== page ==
Image: Siblings in Dhaka. My ramp car guards
In the eighties, Dhaka (Dacca) was considered one of the toughest postings with British Airways and prior to my arrival most Station Officers had a short term 'development' posting there, the logic being that if you survived Dhaka you could survive anywhere.....
Tejgaon airport in the city was initially served by VC10 aircraft and was an antiquated facility, with a very uneven runway due to bomb damage sustained during the war of 1972.
My arrival in 1981 was soon after Zia International Airport opened and VC10s were replaced by Tri-star L1011 aircraft. BA decided that a more permanent airport presence was required, so my 6 month temporary posting became a 4 year contract. I was delighted. Bangladesh is a fascinating country and I am privileged to have lived there. I learned a lot and will never forget the experience.
Bangladesh, previously East Bengal in British India and then East Pakistan after partition, with a small provincial capital, Dacca, had no infrastructure nor exports, apart from jute, to sustain an independent economy when it gained independence in 1972. As a result, in the eighties the country survived on foreign aid with large numbers of expatriate 'experts' assisting in developing the economy. A notable example was a team from Lancashire setting up a garment industry, which is now a huge export business and (controversial) employer. There was also a very large British High Commission overseas aid section and immigration section, staffed by expatriates, due to the large numbers of potential Bangladeshi migrants to the UK. Various UN agencies were also represented. BA was therefore very busy servicing the UK and European expatriate community, the migrants and VFR (visiting friends and relatives) traffic to the UK, mainly from Sylhet district as well as Bangladeshi expatriate workers to and from the Persian Gulf via Doha in Qatar.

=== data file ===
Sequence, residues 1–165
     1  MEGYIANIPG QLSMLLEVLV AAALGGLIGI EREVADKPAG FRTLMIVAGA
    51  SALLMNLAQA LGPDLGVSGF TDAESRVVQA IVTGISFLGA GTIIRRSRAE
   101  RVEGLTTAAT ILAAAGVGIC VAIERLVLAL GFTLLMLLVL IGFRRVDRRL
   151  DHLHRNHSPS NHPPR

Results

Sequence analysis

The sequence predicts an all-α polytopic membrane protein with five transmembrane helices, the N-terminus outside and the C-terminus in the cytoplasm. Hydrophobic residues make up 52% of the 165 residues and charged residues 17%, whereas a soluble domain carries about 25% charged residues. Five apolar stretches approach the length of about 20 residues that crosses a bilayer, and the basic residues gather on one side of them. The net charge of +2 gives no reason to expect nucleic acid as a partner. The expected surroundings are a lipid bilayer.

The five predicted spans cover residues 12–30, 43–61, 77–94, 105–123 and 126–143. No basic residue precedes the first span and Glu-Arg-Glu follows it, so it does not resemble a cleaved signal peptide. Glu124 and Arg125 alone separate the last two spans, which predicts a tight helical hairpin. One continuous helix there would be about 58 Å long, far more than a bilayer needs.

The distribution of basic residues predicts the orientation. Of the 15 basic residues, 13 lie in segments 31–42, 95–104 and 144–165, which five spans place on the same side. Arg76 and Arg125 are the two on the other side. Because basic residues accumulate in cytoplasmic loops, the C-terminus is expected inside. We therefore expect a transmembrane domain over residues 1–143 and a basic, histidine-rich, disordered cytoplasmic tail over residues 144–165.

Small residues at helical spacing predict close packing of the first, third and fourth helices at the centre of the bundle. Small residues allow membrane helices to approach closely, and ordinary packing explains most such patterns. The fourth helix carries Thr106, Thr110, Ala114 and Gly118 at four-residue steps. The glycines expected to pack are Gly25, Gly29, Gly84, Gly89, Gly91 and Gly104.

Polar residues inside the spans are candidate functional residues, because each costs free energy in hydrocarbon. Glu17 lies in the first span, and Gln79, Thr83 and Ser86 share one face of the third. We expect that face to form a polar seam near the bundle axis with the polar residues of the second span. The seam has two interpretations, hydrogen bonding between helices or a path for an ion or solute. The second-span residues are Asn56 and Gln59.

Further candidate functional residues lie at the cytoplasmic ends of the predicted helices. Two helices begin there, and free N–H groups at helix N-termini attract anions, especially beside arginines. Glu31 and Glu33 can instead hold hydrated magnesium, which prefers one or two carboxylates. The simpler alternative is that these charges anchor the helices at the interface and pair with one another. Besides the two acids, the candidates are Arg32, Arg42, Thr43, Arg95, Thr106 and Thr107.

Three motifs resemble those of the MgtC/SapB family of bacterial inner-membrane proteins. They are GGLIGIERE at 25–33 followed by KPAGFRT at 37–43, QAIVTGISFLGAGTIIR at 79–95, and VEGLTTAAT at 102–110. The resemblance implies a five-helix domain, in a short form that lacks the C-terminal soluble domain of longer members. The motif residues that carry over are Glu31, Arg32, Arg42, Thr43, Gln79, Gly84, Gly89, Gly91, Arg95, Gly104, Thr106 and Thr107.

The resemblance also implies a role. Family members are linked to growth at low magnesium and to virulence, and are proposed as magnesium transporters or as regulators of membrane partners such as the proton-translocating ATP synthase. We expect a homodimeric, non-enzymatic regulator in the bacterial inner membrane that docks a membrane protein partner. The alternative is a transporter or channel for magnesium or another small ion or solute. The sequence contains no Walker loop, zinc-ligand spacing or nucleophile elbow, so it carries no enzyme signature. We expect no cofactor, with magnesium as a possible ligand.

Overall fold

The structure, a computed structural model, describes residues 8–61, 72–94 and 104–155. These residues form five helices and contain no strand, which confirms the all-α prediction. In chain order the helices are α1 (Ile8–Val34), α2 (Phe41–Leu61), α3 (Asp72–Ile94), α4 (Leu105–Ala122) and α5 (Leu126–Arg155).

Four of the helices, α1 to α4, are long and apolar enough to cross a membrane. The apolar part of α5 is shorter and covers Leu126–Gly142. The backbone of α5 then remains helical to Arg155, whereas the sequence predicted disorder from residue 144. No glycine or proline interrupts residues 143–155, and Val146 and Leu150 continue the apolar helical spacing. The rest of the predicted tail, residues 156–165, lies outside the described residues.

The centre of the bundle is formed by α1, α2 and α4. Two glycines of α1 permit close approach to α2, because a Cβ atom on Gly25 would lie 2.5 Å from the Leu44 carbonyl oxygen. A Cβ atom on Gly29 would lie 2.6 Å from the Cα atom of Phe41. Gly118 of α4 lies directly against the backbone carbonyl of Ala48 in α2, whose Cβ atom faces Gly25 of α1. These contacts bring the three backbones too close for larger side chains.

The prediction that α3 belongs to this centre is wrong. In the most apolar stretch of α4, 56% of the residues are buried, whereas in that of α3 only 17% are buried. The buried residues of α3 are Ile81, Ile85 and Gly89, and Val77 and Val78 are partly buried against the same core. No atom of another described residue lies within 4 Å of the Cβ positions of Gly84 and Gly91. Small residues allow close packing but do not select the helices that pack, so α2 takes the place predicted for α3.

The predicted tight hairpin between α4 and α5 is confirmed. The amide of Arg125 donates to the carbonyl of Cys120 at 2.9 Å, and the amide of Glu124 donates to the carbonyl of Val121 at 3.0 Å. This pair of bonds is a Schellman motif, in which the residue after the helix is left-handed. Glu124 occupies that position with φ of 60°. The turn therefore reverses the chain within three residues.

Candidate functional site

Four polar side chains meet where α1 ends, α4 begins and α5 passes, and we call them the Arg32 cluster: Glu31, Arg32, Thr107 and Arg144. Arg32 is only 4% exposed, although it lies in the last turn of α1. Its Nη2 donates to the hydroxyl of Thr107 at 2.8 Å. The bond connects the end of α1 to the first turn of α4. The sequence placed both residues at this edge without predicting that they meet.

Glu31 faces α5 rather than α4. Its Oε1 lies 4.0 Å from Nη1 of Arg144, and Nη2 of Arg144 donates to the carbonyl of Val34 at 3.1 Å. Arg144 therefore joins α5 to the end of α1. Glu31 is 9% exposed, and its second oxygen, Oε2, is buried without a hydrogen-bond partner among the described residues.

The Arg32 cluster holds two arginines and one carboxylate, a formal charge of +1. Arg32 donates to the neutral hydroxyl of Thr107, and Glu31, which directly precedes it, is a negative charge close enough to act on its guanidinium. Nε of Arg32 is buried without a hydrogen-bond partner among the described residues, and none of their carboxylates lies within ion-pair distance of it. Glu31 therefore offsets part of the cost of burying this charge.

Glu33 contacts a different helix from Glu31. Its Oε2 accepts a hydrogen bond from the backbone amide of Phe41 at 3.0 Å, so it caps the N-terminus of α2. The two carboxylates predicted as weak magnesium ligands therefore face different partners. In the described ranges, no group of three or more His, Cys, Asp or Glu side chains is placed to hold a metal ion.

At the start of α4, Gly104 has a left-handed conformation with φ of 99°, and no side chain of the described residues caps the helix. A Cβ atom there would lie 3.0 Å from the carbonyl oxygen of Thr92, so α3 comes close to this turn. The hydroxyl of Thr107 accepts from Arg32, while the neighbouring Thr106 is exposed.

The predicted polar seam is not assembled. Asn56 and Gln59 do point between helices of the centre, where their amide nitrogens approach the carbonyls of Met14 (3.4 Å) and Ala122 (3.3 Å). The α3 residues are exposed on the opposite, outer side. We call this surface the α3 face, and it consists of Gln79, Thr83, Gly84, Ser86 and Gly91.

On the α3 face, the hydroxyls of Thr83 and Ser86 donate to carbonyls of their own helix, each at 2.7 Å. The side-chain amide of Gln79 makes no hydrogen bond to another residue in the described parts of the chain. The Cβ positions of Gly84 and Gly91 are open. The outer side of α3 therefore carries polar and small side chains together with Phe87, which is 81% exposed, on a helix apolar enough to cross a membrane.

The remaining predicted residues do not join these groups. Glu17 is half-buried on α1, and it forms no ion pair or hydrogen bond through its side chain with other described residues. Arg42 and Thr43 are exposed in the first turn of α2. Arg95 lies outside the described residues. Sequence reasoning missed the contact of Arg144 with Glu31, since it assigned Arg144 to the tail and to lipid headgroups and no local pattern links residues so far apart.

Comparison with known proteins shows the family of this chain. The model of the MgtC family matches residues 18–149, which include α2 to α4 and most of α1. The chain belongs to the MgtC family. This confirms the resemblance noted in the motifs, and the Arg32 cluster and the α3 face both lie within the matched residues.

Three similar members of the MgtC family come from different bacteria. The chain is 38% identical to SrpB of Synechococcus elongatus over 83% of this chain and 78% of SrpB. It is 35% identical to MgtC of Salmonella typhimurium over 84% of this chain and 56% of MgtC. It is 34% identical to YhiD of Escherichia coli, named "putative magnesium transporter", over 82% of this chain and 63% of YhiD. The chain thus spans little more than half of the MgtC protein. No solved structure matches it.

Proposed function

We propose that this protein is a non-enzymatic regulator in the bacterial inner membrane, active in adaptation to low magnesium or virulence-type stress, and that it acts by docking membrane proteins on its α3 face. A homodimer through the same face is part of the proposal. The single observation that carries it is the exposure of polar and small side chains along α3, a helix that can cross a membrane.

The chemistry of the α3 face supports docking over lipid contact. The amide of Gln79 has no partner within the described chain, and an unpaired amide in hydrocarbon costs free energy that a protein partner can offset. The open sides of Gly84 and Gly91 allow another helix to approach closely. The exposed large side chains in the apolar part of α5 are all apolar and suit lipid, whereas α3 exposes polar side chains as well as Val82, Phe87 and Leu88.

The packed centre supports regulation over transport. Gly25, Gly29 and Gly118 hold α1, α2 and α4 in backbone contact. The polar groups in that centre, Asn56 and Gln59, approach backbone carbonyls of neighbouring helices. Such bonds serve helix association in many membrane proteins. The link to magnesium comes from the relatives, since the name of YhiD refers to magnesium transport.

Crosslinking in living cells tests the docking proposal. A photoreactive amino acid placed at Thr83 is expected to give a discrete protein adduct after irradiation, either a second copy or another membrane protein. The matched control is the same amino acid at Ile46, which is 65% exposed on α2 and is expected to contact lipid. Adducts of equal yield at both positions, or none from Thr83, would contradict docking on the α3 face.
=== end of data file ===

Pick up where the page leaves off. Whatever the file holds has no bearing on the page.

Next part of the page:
There were no tourists, apart from the odd lost backpacker. A wonderfully misspelt tourist poster said it all: 'Visit Bangladesh before the tourist comes', note 'tourist' in the singular. Foreigners were a novelty and attracted large crowds - I remember getting a flat tyre on the way to work and a kindly passer-by offered to change my wheel (I was after all wearing my smart and clean BA uniform). A crowd quickly gathered watching me, but I then noticed a man in the crowd with a deformed hand, his index finger at least two feet long... And they kept staring at me! Heartbreaking sights every day with abject poverty and beggars at every turn.
There were two Tri-star turnaround services per week via Doha and Calcutta to London. There was no catering or water uplift in Dhaka and engineering was provided from Calcutta. No airport computer systems, no international telephones and no CNN, so you were very much on your own. I remember following the Falklands war over the BBC World Service on my SSB radio.
The BA crew stayed in Dhaka between flights and rarely left the hotel. There was one notable exception: stewardess Pat Kerr, OBE, became famous for setting up Sreepur village for orphans (she is still there).
Dhaka then had a population of less than 3 million (today 12 million and counting) mostly concentrated in Old Dhaka on the banks of a Meghna river tributary, a truly medieval place, I remember the Armenian church amongst it all. The new airport was surrounded by farmland and rice paddies, with suburbs slowly growing outwards from the city. Most expatriates lived in Gulshan or Banani near to the airport, where all the embassies were. There were a lot of lakes and paddy fields.
The weather was extreme, with a very intense monsoon season when half the country floods and devastating cyclones occur. The airport was regularly flooded, causing reduced runway length availability. For a few months over winter, the climate was dry and cool but the humidity in the summer was intense.